If one photograph sums up the complexity of modern Irish history, it’s this one.
It was likely taken on Saturday April 29, 1916, the sixth and final day of the abortive Easter Rising in Dublin.
In frame are British Army soldiers, who’ve erected a barricade at the junction of Moore Street and Great Britain Street (the present-day Parnell Street) in the north inner city.
The soldiers are firing on a number of houses 200 metres down the street, where the leaders of the insurgency are making a last stand. Within hours of the photograph being taken a nurse and rebel, Elizabeth O’Farrell, would approach the barricade bearing a white flag, carrying terms of surrender.
Not before casualties were inflicted however – among civilians and combatants. One rebel, James Kavanagh, later recalled: “The 18th Royal Irish…shot at everything that moved in the street, and at such short-range their shooting was deadly. I saw three men attempting to cross the street killed by three shots, 1, 2, 3, like that. It’s a wonder they did not shoot [a] little girl but they would surely have shot [her] mother”.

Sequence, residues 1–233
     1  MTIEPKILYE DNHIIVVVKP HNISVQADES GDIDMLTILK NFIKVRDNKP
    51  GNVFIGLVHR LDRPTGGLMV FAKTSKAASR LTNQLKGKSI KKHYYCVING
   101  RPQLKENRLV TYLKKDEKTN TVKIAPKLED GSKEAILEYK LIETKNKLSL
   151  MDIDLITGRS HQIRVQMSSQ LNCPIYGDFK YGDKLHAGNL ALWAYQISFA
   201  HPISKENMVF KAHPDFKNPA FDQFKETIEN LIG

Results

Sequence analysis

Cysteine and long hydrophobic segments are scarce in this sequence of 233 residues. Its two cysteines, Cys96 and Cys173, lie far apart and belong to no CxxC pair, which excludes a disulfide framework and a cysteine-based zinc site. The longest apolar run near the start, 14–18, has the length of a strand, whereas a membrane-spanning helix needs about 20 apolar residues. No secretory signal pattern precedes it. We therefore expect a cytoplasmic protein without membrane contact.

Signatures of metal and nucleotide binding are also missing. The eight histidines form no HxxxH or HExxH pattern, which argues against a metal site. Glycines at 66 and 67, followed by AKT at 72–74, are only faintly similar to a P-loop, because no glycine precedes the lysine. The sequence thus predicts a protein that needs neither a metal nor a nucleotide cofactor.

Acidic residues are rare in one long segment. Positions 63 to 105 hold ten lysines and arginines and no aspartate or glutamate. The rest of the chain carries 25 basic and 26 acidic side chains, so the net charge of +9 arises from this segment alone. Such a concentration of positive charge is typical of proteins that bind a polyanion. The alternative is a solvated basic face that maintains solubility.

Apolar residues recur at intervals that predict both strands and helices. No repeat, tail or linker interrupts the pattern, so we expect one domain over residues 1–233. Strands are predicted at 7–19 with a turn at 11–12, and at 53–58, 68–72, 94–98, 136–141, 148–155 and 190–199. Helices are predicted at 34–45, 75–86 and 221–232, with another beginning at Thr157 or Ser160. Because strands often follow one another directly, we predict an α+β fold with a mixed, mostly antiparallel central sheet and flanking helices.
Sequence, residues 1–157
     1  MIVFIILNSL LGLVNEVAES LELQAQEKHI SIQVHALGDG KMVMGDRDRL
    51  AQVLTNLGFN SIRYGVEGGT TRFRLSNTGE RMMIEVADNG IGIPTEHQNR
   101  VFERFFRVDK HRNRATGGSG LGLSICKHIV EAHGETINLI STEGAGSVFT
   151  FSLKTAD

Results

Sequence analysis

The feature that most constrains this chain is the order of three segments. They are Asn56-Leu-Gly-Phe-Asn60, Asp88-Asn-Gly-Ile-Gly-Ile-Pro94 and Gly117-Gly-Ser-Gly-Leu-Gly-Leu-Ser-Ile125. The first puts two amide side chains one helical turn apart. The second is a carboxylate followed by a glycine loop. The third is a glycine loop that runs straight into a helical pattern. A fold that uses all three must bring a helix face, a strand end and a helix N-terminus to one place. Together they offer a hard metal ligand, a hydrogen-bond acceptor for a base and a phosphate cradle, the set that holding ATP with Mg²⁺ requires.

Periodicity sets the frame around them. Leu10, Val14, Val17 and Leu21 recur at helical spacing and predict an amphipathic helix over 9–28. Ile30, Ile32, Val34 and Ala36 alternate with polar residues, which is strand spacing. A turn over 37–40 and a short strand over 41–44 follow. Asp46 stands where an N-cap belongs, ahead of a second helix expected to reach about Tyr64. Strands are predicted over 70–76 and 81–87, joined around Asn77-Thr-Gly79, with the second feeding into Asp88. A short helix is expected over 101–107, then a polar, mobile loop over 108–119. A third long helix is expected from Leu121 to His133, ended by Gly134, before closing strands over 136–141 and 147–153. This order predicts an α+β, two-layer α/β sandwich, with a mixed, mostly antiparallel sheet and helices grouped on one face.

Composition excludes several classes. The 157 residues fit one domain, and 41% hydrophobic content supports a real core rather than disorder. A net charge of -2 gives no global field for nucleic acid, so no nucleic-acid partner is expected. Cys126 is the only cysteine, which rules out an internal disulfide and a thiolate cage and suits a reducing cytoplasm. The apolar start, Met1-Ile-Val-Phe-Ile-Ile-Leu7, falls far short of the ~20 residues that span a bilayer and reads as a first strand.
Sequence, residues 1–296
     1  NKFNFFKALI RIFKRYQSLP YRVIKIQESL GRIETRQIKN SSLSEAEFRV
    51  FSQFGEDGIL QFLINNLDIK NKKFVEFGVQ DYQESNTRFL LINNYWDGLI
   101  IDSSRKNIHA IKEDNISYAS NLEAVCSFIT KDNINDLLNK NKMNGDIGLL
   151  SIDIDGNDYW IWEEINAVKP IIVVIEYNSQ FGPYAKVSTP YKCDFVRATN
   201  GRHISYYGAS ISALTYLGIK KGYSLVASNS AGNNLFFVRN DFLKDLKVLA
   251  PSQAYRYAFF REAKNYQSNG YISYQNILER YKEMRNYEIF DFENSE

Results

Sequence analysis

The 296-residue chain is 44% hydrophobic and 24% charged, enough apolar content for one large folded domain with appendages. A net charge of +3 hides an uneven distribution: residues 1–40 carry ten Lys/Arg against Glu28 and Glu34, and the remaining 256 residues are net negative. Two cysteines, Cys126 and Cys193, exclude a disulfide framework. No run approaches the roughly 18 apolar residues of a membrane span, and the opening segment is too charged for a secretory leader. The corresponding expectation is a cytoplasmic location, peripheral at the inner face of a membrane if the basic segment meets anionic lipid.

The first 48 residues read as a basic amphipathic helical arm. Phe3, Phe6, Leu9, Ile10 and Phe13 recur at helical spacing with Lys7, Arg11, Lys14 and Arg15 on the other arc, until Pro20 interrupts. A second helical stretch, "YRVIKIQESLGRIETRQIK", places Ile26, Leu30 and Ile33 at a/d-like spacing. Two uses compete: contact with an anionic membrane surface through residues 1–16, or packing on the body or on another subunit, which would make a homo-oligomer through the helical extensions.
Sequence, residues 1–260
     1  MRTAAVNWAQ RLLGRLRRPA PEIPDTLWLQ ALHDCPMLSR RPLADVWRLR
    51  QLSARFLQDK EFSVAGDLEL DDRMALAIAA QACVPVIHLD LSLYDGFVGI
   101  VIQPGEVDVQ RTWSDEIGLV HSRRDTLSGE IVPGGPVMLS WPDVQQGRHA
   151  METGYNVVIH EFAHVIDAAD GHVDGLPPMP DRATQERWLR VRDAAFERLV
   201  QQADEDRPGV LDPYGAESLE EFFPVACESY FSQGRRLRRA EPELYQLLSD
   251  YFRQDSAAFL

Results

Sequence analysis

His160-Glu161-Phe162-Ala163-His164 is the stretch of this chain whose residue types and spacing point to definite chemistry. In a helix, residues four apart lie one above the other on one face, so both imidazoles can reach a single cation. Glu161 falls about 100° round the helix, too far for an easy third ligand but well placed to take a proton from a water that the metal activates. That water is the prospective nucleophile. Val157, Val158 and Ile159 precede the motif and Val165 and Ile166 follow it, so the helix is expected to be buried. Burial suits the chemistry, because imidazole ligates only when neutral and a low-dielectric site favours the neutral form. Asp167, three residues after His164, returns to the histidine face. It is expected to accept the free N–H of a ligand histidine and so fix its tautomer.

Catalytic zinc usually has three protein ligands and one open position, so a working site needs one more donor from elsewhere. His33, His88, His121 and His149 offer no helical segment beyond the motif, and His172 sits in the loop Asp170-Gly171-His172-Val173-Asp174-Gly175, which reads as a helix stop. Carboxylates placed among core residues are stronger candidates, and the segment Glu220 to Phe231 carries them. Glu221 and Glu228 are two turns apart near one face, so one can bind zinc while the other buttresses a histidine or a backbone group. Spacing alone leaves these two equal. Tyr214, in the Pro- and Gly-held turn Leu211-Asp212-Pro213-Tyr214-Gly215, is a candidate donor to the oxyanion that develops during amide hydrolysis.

What’s interesting about the Moore Street image is the nationality of the sniping solders.
The troops facing and firing down Moore Street are members of the 18th Royal Irish Regiment. Most of the regiment were Dubliners, many of whom came from the tenements of the north inner city, close to where this picture was taken.
So we see young Irishmen firing on young Irishmen, directed (to the right of the picture) by a British army officer.
In this instance (and many others in Easter week) the combat was carried out by Irishmen on both sides – the rebels who believed they were taking a stand for freedom and the soldiers whose army paychecks fed large families struggling to survive in the Dublin tenements of the time.
Irish history, like Oscar Wilde’s truth, is rarely pure and never simple.
In the years following the Rising such divisions would persist. After Ireland achieved independence in 1921 the status of the Irishmen who fought with the British Army, and who died in their thousands in the First World War, fell far in the public estimation.
As Ireland moves in the coming weeks to commemorate those who planned and effected the Easter Rising, should the half-dozen soldiers firing down Moore Street – and the thousands of their countrymen in similar uniforms – be remembered too, for good or for ill?